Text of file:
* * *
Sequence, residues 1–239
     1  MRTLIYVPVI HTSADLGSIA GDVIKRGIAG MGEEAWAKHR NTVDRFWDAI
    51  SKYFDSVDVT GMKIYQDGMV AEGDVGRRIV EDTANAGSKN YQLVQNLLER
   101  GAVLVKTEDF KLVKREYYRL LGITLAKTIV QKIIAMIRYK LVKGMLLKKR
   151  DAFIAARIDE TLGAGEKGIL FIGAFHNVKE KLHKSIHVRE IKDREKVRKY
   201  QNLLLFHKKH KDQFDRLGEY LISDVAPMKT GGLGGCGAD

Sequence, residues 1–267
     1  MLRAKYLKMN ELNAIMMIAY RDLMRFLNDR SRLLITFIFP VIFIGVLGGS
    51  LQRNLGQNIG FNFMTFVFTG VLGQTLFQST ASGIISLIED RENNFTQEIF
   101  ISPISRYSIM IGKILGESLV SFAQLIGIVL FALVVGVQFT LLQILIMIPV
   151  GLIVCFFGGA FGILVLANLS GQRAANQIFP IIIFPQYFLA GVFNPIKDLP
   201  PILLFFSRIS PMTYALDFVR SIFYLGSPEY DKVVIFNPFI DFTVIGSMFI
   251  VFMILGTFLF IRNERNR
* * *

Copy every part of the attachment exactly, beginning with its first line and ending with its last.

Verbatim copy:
Sequence, residues 1–239
     1  MRTLIYVPVI HTSADLGSIA GDVIKRGIAG MGEEAWAKHR NTVDRFWDAI
    51  SKYFDSVDVT GMKIYQDGMV AEGDVGRRIV EDTANAGSKN YQLVQNLLER
   101  GAVLVKTEDF KLVKREYYRL LGITLAKTIV QKIIAMIRYK LVKGMLLKKR
   151  DAFIAARIDE TLGAGEKGIL FIGAFHNVKE KLHKSIHVRE IKDREKVRKY
   201  QNLLLFHKKH KDQFDRLGEY LISDVAPMKT GGLGGCGAD

Sequence, residues 1–267
     1  MLRAKYLKMN ELNAIMMIAY RDLMRFLNDR SRLLITFIFP VIFIGVLGGS
    51  LQRNLGQNIG FNFMTFVFTG VLGQTLFQST ASGIISLIED RENNFTQEIF
   101  ISPISRYSIM IGKILGESLV SFAQLIGIVL FALVVGVQFT LLQILIMIPV
   151  GLIVCFFGGA FGILVLANLS GQRAANQIFP IIIFPQYFLA GVFNPIKDLP
   201  PILLFFSRIS PMTYALDFVR SIFYLGSPEY DKVVIFNPFI DFTVIGSMFI
   251  VFMILGTFLF IRNERNR